Tell us in 140 characters what your work involves on a day-to-day basis.
Every day is different. Something could land on my desk now that would change the day. But one thing is constant – it’s about authors. Their work, their publications, their development and sometimes their wellbeing.
How is the changing shape of the publishing industry affecting the role of literary agents?
We have morphed into the role of a manager now more than an agent. We often control publicity and some marketing as well as editorial on many major authors. The services we offer – whether it is through spreading the word on social media, improved and interactive agency websites, blogging – are very different to the ones we were offering, say, five years ago. The job is still the same – discovering, launching and guiding the careers of authors – but we have opened a creative writing school, launched an online submissions site, helped some authors to self publish, produced movies and television.
Your own book was published in 2006. What did the experience teach you about being an author as opposed to an agent?
That all the rules of agenting fly out of the window when it is yourself. I didn’t question anything, trusted that my three publishers knew best and became diffident and uncharacteristically reserved. I realised you need somebody to shout for you because otherwise it is simply too embarrassing. You are giving something precious to people who you hope will care about it as much as you do but can’t possibly, and you give yourself up to the erroneous thinking that if it is good, it will find its audience. THIS IS NOT TRUE. Everything needs strategy, a driving force to make things happen and an iron will. I learned a lot and had fun and am glad I did it. I think it helped my agenting hugely.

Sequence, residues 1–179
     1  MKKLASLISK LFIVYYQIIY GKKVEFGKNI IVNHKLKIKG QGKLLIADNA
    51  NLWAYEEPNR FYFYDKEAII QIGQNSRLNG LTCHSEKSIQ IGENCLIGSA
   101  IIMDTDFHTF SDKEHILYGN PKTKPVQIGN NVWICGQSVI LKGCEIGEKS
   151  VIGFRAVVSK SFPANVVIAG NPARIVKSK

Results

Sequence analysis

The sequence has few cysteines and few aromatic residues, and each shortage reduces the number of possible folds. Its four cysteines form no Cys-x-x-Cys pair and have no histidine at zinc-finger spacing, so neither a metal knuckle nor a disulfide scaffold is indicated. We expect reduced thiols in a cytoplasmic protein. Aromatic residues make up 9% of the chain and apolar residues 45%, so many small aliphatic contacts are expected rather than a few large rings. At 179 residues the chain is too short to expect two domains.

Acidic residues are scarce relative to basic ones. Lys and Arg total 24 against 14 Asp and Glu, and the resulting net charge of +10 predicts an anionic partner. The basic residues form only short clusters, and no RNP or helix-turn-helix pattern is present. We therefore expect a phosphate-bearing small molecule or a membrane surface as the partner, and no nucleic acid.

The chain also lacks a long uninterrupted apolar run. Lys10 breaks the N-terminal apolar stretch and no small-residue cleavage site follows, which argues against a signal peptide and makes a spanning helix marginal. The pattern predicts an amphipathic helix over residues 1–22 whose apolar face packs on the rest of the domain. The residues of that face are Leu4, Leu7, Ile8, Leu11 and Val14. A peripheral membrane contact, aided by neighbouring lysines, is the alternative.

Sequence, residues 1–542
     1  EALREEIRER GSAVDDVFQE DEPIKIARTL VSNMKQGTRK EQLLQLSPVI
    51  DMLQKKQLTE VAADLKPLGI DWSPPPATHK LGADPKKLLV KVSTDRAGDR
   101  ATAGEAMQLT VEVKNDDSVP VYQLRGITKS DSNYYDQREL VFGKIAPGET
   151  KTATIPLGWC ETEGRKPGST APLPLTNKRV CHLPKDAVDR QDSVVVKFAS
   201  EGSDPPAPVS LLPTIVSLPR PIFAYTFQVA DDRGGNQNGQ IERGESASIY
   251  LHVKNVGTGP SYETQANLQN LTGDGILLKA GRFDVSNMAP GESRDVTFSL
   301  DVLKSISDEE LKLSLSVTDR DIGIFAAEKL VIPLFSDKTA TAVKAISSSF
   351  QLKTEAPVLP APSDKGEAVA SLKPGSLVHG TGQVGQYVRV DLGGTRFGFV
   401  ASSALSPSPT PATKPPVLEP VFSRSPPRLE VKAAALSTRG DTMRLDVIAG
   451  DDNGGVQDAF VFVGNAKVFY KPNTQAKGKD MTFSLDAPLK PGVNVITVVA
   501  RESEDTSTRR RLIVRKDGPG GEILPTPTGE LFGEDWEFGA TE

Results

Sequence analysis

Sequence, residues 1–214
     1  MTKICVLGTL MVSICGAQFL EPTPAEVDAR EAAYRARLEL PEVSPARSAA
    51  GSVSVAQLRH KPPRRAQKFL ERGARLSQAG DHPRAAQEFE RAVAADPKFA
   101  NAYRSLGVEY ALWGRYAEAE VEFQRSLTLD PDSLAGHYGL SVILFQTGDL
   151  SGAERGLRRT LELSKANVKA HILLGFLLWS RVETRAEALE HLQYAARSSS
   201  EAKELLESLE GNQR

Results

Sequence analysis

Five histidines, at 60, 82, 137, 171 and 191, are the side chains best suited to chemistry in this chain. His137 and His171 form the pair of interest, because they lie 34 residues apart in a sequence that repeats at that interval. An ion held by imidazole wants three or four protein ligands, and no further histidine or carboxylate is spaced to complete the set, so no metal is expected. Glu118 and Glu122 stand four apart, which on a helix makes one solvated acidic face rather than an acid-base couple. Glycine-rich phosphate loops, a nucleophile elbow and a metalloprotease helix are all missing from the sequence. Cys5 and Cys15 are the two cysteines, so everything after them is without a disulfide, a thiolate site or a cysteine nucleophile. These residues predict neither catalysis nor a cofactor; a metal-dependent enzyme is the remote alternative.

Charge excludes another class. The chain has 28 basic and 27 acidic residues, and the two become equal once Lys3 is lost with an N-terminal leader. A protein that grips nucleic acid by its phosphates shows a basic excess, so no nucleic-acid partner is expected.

Do you feel that the current changes in the industry are allowing authors to assert more control over the publishing process?
To some extent. I have believed for some years that the industry need to stop looking in on itself – publishers viewing customers as retailers and not readers; agents looking to publishers to solve all their problems – and for everyone in the industry to concentrate their energies back onto the author. Without their work we don’t have jobs. So, my belief is that if we empower the authors, bring them into the centre of the publishing experience, the books will be better marketed, jacketed and ultimately will sell better!
And finally, what is the best part of the job?
There is nothing like the buzz of reading something extraordinary and seeing it in manuscript form, knowing you are one of its first readers. The knowledge that how you react to it will, in some ways, influence the path of this material to thousands if not millions of readers after you.